Don Juan Matus, the either actual or fictional mentor of Carlos Castaneda, put it this way, "The flaw with words is that they always make us feel enlightened, but when we turn around to face the world they always fail us and we end up facing the world as we always have, without enlightenment. For this reason, a warrior seeks to act rather than to talk, and to this effect he gets a new description of the world — a new description where talking is not that important, and where new acts have new reflections, and a new world is born."

We've got to find a way to trust our deep desires and to tell the truth about that. It's freeing and revelatory. It's heaven and perfection. It's authentic and juicy. Dripping juicy.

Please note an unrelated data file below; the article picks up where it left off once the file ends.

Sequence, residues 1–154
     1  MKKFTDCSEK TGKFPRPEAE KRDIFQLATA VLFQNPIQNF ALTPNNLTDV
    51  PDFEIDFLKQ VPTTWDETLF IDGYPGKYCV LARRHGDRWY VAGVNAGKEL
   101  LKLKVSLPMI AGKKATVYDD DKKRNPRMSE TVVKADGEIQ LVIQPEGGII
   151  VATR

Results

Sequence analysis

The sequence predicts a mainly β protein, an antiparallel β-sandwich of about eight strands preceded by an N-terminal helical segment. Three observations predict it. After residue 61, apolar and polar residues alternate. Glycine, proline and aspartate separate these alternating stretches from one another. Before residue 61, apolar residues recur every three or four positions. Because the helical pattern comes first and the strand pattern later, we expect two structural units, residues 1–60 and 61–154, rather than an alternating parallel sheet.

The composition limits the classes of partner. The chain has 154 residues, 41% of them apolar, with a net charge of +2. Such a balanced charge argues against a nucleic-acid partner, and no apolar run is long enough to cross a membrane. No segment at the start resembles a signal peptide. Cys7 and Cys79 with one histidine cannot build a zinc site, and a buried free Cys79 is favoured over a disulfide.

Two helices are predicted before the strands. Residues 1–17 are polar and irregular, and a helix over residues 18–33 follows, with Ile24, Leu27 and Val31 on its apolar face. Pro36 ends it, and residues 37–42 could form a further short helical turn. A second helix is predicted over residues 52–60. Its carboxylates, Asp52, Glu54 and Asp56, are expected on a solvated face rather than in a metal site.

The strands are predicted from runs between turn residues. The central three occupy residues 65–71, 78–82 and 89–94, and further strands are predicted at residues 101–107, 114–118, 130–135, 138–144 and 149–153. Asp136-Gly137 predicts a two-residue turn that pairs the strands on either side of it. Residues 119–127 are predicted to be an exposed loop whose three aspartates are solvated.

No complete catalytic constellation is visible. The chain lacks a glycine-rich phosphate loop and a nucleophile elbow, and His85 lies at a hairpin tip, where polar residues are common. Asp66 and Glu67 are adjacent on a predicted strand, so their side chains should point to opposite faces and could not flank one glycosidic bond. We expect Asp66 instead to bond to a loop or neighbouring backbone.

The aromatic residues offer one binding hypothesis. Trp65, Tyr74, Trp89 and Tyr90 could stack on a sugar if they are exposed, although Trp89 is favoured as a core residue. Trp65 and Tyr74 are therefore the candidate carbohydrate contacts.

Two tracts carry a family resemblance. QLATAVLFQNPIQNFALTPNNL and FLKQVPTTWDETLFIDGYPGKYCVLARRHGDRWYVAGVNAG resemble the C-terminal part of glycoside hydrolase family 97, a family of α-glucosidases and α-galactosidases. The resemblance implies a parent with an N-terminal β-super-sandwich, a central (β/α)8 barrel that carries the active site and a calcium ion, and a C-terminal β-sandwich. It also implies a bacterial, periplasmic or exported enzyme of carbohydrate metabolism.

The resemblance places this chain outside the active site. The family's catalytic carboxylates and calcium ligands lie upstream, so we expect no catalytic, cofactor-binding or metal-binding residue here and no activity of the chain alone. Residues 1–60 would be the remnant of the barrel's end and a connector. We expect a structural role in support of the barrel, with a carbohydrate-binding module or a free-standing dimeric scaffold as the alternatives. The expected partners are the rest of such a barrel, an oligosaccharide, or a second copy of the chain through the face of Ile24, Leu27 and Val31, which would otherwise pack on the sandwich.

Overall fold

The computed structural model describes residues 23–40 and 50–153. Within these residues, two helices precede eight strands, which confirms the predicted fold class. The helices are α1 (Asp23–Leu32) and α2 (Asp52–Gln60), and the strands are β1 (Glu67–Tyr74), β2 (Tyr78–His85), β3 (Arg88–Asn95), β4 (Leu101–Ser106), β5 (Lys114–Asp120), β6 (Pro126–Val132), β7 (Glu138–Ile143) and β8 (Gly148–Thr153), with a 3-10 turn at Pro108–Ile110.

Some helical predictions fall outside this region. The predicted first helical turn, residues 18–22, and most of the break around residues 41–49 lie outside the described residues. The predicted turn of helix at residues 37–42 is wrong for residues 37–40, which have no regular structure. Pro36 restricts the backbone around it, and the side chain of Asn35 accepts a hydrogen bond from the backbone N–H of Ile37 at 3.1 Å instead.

Of course, you might think you know less than you did. You might give away all your spiritual books and knickknacks. People might not recognize you. You might start being kinky in bed — and out of it. You might make people feel uncomfortable. You might not do what's right, moral, or ethical. You might threaten authority. You might scare the crap out of yourself.

But I tell you this: You will never again feel as if something is NQR in your life. You will have found you and your place in life. You will have found the inner treasure. You will have found your evolving path in life. You will have found your map, your meaning, your everything. You will hear from deep within you a heard of galloping horses, each on fire, each an animal-rocket of force and fury. You will find yourself in a life you never imagined, doing things you couldn't have ever dreamed of. And it will be good.

And if those aren't precious gifts to give yourself, and others, then I don't know what is.

©Robert Rabbin 2009;

Monday, 24 August 2009

Blood, sacred blood